When preparing to write a novel, the role of research can’t be overstated. There are moments of panic in every writer’s life when they realize they don’t know what vermouth tastes like on its own (kind of medicinal and dry, with a hint of a tonic flavor as the result of herbs added to what is basically cheap wine), how many years it takes one to go from law school to full fledged partner (seven, if you don’t ever go home or have any connection to what one might call “a life”) or how difficult it might be to have sex in a moving vehicle while driving (still in the planning stages). Research fills the cracks between a character being anyone and being someone, making them particular, making them resonant with an audience. Even if your reader doesn’t know that the stick shift could prove a tremendous hindrance (or aid) to the mobile love scene, they must trust that you, the writer know that it would cause problems (or move things along at a nice clip). If the writing rings authentic and true then, ironically, the reader won’t even notice the writer is there; if it is inauthentic then it is as if the writer has just arrived, uninvited, and soiled the dinner napkins.
Some research is bookish in nature. Why have I read physics text books, math text books, volumes on black holes, time travel, neurological disease, memory, brain malfunctions, Disney World, phrenology, mold and fungus, anthropology, and literary theory? For the women? Of course, but also because there’s a certain amount of information that I can only get from someone else’s pages. My need to know what soldiers in World War I wore took me to a general history of the period, then to memoirs by soldiers who survived, to museums with photography of the era. In the end there is never enough of this kind of research. A writer must find the line between thorough and obsessive, between useful and distracting. Fanatically reading book after book in the name of research helps many writers avoid the admission that they are not actually writing.
Then there’s the active gathering, the research that is the choosing to go and do. William T. Vollman has made this an art in itself. Sickeningly so. He follows a work ethic and vision of what it means to be a writer that makes others (me) look like Sickly English School Children. This kind of research saddens and scares me. The more academic of us trust the books, the more orbally-endowed trust their eyes, ears, and the sounds of their own screams. Might I write a story in which a character jumps from an airplane? I guess. Will I know first hand what it’s like? Let’s just move on.
At last we arrive at the research at which I excel, the research we don’t even know we are doing: unsought expertise. This research is the most valuable, I find (screw you, Vollman). In our own lives lurks expertise we have not through active choice (“I will go live in a commune for a year so my aging hippie character is really authentic.”) but through life lived (“My aging hippie character is really authentic. Thanks Phish concerts from 1992-1997!”). Paying attention to the little things you do every day, the choices you make without making them, your instincts and habits, the stitching that holds your day together, looking at the moments of yourself can provide more information than you might otherwise give yourself credit for.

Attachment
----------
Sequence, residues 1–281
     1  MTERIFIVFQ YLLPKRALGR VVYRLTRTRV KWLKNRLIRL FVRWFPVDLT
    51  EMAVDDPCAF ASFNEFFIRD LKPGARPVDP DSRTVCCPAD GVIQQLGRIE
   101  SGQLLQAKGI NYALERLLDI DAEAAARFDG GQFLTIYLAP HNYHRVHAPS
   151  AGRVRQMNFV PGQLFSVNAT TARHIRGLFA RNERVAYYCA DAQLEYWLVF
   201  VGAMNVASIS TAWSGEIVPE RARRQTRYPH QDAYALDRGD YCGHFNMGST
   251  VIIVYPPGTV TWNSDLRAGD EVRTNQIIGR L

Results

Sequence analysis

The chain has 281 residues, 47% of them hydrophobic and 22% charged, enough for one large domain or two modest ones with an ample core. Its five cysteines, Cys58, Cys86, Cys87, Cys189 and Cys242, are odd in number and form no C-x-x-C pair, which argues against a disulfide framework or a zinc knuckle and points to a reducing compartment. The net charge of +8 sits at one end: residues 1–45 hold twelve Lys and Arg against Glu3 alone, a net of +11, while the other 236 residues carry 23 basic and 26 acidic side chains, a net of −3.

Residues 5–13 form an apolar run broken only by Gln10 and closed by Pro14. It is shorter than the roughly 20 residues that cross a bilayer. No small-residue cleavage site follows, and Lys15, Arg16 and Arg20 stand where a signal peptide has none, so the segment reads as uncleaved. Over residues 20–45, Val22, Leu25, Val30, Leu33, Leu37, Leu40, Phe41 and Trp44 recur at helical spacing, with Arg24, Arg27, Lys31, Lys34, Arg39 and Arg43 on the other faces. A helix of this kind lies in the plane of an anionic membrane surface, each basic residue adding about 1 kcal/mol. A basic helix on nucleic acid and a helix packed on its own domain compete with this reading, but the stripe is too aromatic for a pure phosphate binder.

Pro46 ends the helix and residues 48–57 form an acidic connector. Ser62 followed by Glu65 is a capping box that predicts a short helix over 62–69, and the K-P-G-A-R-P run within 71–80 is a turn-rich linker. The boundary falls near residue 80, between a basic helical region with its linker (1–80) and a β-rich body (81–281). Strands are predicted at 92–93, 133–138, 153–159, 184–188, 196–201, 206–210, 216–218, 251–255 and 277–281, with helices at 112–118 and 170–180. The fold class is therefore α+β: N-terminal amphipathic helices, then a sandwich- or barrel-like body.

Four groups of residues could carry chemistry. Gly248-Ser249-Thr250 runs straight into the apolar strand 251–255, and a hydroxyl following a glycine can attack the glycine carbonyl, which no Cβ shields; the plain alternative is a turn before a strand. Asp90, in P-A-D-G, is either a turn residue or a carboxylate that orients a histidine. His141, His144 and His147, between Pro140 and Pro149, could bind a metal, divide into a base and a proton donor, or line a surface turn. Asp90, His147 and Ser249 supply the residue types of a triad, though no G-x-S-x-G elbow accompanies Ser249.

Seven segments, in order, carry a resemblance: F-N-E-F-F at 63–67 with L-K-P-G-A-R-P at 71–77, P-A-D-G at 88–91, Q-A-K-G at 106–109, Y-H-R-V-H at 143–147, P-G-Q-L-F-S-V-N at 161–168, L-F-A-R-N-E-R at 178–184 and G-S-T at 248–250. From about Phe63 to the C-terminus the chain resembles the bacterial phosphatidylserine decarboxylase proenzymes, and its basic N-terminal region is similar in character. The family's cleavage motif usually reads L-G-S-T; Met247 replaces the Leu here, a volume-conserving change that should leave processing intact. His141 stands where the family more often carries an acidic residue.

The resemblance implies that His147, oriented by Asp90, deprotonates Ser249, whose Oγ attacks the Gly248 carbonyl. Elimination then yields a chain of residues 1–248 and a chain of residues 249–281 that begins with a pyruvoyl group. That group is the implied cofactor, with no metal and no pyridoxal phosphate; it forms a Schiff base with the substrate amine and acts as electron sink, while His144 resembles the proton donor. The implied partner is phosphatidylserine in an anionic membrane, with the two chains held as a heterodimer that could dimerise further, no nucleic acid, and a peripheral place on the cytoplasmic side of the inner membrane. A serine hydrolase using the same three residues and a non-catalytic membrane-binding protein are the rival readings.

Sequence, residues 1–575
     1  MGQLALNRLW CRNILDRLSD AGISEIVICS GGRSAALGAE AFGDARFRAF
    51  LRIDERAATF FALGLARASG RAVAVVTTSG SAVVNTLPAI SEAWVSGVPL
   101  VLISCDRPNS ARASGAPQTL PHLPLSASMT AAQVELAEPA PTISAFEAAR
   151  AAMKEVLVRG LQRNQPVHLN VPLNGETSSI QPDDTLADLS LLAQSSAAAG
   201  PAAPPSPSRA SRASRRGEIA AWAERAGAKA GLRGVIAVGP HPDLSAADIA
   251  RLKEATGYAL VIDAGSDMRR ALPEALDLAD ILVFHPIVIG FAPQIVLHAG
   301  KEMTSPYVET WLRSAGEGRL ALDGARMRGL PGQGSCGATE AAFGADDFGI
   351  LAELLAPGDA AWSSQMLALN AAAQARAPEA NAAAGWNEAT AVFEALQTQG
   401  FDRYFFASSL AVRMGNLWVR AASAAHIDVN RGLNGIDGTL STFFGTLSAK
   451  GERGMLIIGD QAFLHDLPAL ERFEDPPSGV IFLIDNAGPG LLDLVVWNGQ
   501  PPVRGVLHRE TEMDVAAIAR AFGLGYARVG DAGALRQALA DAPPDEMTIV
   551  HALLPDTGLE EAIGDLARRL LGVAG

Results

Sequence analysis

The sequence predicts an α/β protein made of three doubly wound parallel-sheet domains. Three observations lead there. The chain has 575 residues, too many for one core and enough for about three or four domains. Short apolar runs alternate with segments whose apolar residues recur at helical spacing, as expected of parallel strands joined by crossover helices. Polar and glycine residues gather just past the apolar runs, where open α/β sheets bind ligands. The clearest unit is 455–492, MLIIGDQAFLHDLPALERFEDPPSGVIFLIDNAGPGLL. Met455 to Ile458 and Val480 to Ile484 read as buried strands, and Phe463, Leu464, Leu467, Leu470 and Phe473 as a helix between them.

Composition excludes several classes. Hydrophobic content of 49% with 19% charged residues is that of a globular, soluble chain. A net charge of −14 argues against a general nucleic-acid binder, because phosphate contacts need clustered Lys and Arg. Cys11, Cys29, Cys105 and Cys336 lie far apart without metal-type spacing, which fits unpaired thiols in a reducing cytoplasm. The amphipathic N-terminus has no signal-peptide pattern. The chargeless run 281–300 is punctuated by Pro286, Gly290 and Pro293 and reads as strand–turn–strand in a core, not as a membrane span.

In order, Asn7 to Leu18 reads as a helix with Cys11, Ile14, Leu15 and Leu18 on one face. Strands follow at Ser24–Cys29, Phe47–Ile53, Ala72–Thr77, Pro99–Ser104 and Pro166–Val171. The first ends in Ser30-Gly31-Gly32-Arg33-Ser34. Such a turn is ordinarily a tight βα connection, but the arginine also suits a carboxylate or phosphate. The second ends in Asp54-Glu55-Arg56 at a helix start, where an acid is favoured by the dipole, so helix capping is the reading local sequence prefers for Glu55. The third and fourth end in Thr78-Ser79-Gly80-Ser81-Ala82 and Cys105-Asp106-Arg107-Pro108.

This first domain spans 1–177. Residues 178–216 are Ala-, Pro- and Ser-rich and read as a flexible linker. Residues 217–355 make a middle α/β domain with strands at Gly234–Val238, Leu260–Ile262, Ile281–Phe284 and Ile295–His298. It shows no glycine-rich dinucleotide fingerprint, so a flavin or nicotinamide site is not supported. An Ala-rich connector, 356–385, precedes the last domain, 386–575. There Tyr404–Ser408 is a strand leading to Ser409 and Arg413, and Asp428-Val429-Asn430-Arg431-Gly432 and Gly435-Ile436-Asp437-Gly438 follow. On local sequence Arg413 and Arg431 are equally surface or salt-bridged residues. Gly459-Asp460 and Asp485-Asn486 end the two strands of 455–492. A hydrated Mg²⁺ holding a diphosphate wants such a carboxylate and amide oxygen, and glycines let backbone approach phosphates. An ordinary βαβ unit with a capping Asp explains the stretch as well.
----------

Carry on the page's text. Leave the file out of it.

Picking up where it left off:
In my novel, Numb, the main character can’t feel pain. Bookish research led to a certain amount of information: a disease or condition that fit the symptom, instances of freakish events or religious zeal that led people to pursue such body control/manipulation/mutilation. Articles and text books helped make his nature clear in my mind, but so too did dental work, minor surgeries, and a just plain klutzy nature (“When did I get that bruise?”). When I needed to know what the tug of the needle applying stitches felt like I only needed to recall the stitches given after an assault (crazy woman with an umbrella). That assault also provided some callous police officers and a compassionate non-English speaking immigrant, a man who yelled for help in another language and for which I will always be grateful. It gave me the emergency room odor and fluorescent lighting. It gave me the blinding shine and unearthly quiet of a hospital corridor.
Another character, Mal, is a fire-eater, a showman with a pyromaniac’s passion for life. How to find his view from inside a fireball? I need only recall my inappropriate handling of a unlit pilot light when making some baked oatmeal (I know, yummy) and the ensuing fireball that engulfed my head. I discovered two things. First, the inside of a fireball is amazingly beautiful, a swirl of orange and blue and a sound like being inside a runner’s chest. Second, action films are bullshit. I don’t care how much of a lead Bruce Willis or Governor Schwarzenegger get, they ain’t outrunning any fireball. It takes some enjoyment away from action films when you’ve lost half an eyebrow and more than an entire sideburn.
There is a certain responsibility writers have to provide a full picture, to provide enough for the reader to inhabit the world we present. I don’t ask for detail, just truth: truth in the background of the words on the page. Some writers ignore this at their own peril. But if we have that responsibility they also can enjoy the tiny treasures of their own lives, and to devalue that, to ignore your own expertise in being you is to devalue not only yourself but what you have to offer, and if you do that, why bother sharing it. The expertise we each have, from what we do to what we’ve done, is best allowed into our writing. It is what makes the imagined real, what makes the otherwise useless useful. How else can our fiction be the truthful lie?
And for those who are wondering, yes, the baked oatmeal was delicious, and no, the assault was not my fault.